Oh India…the pot of gold at the end of the spice route, known for delicious food, sacred gods and Bollywood. Such an interesting and friendly country but for those who don’t know what to expect, India can be a huge culture shock from our comfy western ways. Never fear! Here are a few tips on backpacking through India, actually surviving, and having an AWESOME time!
1. Bring an antidote to the dreaded “Delhi belly”
I don’t know the exact statistic but out of all the people I know that visited India, 90% of them have had stomach problems while there (the other 10% were either from India and somehow grew immunity which seems like a scientific enough explanation OR they have been feeding their stomachs disgusting food for years so it was a walk in the park. I belong in the latter – all those years of greasy Chinese food and late night McDonalds visits finally paid off!)
For the rest of the 90%, the best way to combat stomach problems is precaution and drugs! And no, I don’t mean illegal drugs. I mean the talk to your doctor and get a prescription kind of drugs. I went to see my trusty travel doctor in Canada and he suggested that I don’t take Dukoral because it wouldn’t help in India. Instead, I was told to stay away from drinking tap water, bring along anti-diarrhea medicine (Immodium) and received a prescription for trusty ciprofloxacin which is an antibiotic taken after the initial signs of Delhi belly (i.e. diarrhea). I didn’t need to take the cipro in India but my friend and travel buddy, Mike, swears by ciprofloxacin when he took it and regained his appetite after losing 10 lbs in a week-long battle with the toilet. Trust me, even the strongest and healthiest get sick in India. Just ask Mike – all it took to take him out of commission was one dirty train ride.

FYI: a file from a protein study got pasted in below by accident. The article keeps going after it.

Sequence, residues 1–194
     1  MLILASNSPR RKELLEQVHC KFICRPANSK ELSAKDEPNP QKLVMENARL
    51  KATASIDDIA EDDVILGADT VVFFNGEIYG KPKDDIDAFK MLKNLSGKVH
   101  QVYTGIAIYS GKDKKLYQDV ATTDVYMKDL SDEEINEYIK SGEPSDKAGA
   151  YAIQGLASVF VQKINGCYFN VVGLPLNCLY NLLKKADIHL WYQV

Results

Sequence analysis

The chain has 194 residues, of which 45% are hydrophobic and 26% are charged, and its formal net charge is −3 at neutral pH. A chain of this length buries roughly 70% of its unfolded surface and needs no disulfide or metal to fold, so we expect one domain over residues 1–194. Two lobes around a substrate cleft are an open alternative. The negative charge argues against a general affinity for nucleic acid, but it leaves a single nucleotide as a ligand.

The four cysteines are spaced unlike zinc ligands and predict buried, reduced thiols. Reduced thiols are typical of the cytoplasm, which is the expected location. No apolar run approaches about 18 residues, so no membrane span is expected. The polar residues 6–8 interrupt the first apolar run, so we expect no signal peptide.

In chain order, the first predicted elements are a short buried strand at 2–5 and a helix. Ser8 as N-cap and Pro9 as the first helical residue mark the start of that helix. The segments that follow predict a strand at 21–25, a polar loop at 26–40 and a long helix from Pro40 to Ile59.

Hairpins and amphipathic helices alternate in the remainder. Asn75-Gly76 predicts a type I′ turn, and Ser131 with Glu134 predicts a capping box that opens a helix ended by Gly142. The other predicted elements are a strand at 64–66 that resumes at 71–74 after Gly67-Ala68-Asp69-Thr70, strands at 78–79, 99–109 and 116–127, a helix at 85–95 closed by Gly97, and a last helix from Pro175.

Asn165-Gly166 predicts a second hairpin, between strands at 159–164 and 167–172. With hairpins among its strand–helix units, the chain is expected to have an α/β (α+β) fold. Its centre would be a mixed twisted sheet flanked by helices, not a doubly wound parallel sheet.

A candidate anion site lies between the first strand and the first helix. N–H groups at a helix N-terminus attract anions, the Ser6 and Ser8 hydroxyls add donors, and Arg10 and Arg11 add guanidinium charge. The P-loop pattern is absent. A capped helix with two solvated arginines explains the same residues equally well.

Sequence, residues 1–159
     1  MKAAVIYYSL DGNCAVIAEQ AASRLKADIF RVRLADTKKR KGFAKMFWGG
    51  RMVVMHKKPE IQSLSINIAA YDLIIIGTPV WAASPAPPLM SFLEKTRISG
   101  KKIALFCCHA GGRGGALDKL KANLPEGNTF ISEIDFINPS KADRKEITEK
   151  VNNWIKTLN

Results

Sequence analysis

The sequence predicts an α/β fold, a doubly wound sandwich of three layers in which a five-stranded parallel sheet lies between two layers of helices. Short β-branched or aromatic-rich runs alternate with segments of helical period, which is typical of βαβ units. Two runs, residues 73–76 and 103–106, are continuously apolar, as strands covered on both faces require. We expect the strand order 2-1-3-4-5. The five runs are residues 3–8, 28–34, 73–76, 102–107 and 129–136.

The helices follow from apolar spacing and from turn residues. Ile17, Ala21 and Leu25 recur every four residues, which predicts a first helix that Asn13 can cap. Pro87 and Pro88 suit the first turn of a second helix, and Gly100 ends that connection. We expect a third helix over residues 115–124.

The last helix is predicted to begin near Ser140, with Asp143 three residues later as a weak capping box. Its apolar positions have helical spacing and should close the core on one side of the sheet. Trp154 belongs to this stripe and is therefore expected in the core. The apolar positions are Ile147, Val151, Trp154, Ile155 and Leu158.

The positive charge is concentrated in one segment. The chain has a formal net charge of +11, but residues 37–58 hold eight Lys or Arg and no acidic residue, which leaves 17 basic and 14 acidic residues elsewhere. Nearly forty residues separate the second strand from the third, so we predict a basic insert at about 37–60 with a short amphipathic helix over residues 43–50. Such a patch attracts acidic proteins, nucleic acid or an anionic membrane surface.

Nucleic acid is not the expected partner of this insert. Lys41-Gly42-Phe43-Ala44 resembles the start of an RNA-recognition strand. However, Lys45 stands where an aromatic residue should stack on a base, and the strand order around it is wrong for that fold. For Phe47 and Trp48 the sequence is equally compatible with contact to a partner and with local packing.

2. There will be people EVERYWHERE.
The country’s population is over 1.2 billion and all of that is squeezed into around 3,287,263 square kilometres – that’s approx. 371 people per square kilometre which means yes, there will be lots of people and yes, they will be everywhere that you want to be. Instead of stressing out about how congested the streets are or getting pushed around in a train, just sit back, relax and enjoy the symphony and theatre show that is before you.
The best way to conquer it is to join in on the fun. Mike and I quickly learned that crossing 8 lanes of traffic is a lot easier when there are 50 other jaywalking buddies beside you. We played the game of count how many schoolchildren they can fit onto one bike rickshaw (the number to beat was 13 by the way) instead of turning on the TV while enjoying our morning chai tea. The intense density of the country only adds to the buzz and will make you even more grateful when you eventually get a patch of sand that you can claim as your own to wiggle your toes in.
3. Queuing is an art.
Queuing (or lining up for us North Americans) does not really exist in India. It’s more of an elaborate dance of wits and patience. Don’t be surprised if you are touching the person in front of you in line and same thing for your suddenly very friendly neighbour behind you. This is to prevent anyone else from slipping in between or any type of budding (front bud, back bud, switchbacks etc). However, none of this actually makes a difference because it’s all about commanding the attention of the person behind the counter – think of a super busy club bar but a thousand times worse and on crack. Whether it’s buying a ticket at a train station, queuing to see the Taj Mahal or lining up to buy water, it all comes down to an art.